Batman vs. Superman | Zack Snyder’s POLITICAL work completes 5 years; Did you like it?

The film polarized not only the public but also the industry, provoking extreme reactions of love and hate.

Between 1941 and 1986, DC Comics published a magazine entitled World’s Finest Comics, this one which initially proposed to bring back isolated adventures of Superman and Batman chose, from the 50s for reasons of control of the expenses, to join the two characters in unique stories; thus resulting in today’s famous crosses.

In general, these adventures have always brought enjoyable content for all ages and especially for its target audience, children, where goodness and friendship have always prevailed over the wickedness of enemies like Lex Luthor and Joker. They were also important in solidifying the friendship between the Guardian of the Metropolis and Gotham’s Bat as the most famous bromance in comics.

Decades later, starting in 2013, Warner Bros. (the DC properties adaptation rights holder) was in a billiard pool. Its biggest competitor in the film market, Disney, saw Marvel Studios’ economic and cultural relevance take off every day at the same speed as its films expanded its newly established shared universe in theaters.

The best stories in the world deserved the warmth of DC fans

The year before, they’d released the first Avengers movie, hitting the billion mark and showcasing the first major comic book movie that brought together as many known heroes as possible in a cohesive plot (in 1997, CBS released an adaptation of Justice League of America which was and is extremely rejected by everyone). So, for Warner executives, it was imperative to start their own shared universe as quickly as possible.

To that end, director Zack Snyder was chosen, until then hired exclusively by the studio, to plan a similar project for DC Comics characters. Assisted by Christopher Nolan and script by David S. Goyer (both responsible for the Dark Knight trilogy), Snyder released Man of Steel; Superman’s solo film that would tell about a new origin of the alien, now with references to a much larger universe.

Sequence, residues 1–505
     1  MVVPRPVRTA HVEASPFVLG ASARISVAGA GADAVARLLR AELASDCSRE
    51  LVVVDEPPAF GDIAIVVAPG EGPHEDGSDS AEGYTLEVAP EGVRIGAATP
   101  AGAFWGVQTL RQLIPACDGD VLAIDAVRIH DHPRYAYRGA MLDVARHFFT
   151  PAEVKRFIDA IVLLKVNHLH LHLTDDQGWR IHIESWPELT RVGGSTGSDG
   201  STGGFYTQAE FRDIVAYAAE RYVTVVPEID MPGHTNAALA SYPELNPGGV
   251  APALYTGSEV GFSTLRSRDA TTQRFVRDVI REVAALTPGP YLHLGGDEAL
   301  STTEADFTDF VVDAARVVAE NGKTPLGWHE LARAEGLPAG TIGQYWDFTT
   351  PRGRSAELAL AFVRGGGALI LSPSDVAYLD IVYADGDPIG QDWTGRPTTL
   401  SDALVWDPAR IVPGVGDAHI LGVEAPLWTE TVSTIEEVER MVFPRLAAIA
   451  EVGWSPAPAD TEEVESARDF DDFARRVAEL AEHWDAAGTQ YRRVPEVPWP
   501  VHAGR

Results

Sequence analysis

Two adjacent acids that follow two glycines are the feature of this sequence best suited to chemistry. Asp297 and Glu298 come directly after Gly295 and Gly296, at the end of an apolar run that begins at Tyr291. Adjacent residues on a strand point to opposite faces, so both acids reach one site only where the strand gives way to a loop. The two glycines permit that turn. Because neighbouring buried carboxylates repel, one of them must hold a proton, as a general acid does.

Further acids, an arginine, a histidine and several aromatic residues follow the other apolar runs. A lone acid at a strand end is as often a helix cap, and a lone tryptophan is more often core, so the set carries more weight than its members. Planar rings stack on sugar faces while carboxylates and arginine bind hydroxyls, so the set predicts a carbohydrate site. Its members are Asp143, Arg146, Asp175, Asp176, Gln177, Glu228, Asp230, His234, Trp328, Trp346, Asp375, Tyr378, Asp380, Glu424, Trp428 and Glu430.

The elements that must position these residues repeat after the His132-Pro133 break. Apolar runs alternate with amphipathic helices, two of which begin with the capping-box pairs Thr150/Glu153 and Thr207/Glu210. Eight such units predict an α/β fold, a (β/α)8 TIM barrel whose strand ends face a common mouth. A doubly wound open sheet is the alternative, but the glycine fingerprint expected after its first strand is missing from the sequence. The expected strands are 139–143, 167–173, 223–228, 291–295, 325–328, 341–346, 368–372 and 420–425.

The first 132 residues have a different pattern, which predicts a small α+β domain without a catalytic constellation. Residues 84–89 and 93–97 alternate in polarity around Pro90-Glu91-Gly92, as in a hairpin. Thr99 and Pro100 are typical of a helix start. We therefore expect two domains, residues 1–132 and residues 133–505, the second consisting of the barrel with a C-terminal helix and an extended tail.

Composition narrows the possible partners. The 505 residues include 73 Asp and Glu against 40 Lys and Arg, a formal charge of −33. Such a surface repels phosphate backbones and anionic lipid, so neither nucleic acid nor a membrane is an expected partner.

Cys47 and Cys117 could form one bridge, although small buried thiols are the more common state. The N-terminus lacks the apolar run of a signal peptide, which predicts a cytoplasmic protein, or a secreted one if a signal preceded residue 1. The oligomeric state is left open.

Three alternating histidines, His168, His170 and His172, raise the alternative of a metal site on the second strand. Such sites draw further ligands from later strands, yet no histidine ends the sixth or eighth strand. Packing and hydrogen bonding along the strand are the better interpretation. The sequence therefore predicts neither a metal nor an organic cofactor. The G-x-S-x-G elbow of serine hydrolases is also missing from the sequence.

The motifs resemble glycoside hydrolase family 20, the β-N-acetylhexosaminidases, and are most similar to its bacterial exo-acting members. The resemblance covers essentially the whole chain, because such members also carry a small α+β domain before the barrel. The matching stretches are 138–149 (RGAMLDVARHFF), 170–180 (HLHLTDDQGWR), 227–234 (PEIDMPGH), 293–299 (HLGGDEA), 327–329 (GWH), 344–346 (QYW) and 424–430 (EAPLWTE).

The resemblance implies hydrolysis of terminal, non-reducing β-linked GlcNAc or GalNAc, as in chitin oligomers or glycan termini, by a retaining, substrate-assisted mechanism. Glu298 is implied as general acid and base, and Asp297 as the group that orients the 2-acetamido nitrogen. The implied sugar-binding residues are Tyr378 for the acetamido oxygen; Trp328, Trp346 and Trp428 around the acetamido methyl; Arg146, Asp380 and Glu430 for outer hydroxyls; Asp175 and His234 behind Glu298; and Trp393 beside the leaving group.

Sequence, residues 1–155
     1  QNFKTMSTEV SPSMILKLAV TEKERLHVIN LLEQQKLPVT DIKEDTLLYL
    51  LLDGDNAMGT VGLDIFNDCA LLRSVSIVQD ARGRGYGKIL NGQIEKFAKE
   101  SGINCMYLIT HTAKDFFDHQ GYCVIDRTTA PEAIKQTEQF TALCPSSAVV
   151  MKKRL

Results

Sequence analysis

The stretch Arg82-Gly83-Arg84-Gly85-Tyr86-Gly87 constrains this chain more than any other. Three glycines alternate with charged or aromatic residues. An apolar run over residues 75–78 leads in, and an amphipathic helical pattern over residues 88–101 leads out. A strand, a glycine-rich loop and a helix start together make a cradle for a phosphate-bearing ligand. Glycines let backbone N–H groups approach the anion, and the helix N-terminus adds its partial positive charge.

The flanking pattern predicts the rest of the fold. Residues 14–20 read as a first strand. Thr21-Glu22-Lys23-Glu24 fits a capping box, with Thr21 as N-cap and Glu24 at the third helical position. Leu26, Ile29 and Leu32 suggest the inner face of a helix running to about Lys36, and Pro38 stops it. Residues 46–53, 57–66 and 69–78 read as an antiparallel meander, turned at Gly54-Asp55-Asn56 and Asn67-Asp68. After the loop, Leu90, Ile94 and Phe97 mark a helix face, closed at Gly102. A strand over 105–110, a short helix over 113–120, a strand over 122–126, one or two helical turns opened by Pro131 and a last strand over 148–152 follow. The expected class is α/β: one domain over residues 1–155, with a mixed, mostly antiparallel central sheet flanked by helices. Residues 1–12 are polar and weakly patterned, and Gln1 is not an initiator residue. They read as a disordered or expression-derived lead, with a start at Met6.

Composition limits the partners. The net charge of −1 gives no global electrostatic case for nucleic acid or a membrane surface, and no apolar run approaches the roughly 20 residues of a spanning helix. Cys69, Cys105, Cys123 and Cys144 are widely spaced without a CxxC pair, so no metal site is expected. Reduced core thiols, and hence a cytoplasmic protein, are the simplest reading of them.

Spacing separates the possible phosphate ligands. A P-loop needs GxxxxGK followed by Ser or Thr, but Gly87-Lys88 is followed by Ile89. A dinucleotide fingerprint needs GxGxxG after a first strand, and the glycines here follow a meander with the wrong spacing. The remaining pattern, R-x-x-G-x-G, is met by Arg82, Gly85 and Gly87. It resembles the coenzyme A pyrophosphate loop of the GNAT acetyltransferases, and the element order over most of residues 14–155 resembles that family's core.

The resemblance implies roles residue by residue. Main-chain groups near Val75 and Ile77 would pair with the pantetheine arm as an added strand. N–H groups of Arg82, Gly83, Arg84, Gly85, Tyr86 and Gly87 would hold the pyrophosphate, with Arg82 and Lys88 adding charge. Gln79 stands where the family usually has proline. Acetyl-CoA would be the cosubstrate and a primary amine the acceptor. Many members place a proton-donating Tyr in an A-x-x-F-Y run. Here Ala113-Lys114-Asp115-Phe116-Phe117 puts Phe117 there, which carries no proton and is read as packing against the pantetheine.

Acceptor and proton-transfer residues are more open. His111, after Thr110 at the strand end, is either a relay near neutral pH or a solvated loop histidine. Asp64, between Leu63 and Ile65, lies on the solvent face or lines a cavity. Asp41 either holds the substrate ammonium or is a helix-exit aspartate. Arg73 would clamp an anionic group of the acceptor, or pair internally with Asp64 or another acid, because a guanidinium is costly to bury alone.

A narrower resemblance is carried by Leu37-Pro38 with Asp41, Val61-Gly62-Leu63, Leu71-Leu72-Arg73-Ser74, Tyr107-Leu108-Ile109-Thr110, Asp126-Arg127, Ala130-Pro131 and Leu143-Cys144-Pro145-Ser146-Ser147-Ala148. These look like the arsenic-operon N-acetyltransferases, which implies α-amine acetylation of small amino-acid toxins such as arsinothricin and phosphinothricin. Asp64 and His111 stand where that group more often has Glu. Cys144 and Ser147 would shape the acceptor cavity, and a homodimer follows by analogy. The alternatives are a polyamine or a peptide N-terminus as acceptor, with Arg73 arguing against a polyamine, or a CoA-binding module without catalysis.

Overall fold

The film had notable success, both financially (in managing to pay the production costs) and in gaining wide acceptance for Henry Cavill’s performance as Clark KentSuperman. However, the first cracks and signs of what was to come were already displayed by the end of the screening. In the plot, after an extremely destructive fight with General Zod, Superman finds himself in a complicated position; there is no way to imprison him in the ghost zone, there is no way to convince him to give up, there is no way to fight him forever and most importantly, Zod him – even said he would never stop until he took the lives of all humans.

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The film’s third act was made famous by Superman’s controversial decision

In this way, Superman breaks the villain’s neck and part of the audience goes mad in virtual revolts. With that environment divided, Warner once again gave Snyder the task of producing a sequel, but this time he should have the role of setting the stage and then coming up with a Justice League adaptation. Without previous solo projects of the heroes involved, without patience, without planning. The confirmation as well as the logo of the film came to Comic Con 2013.

Shortly after the sequel’s production was announced, it was confirmed that Batman would make his first appearance since the end of Christian Bale’s phase. It was immediately assumed that Warner had tried emphatically to rely on the actor to reprise the role, but, with a final refusal on his part, speculation began as to who the new actor would be.

As soon as the uncertainty began, Ben Affleck’s name began to be constantly rolled out as a strong candidate and whenever that happened it was followed by criticism and provocation. However, the actor was eventually confirmed in the role that was just thought to bring an older and more experienced Bruce Wayne than Superman, thus confirming that the film would have a big influence on the classic The Dark Knight Returns.

The casting of Ben Affleck at the time was the subject of much criticism due to his history with the hero films.

The idea that the graphic novel would have its fair share of importance came from Comic Con 2013 when the reveal of the film’s official logo came after a monologue by actor Harry Lennix reciting a famous piece from the work. Snyder had previously confirmed that the film would not be a literal and faithful adaptation of Frank Miller’s work, but that it would borrow certain concepts presented in it; more specifically that of a Batman returning from retirement and finally involved in a clash with Superman.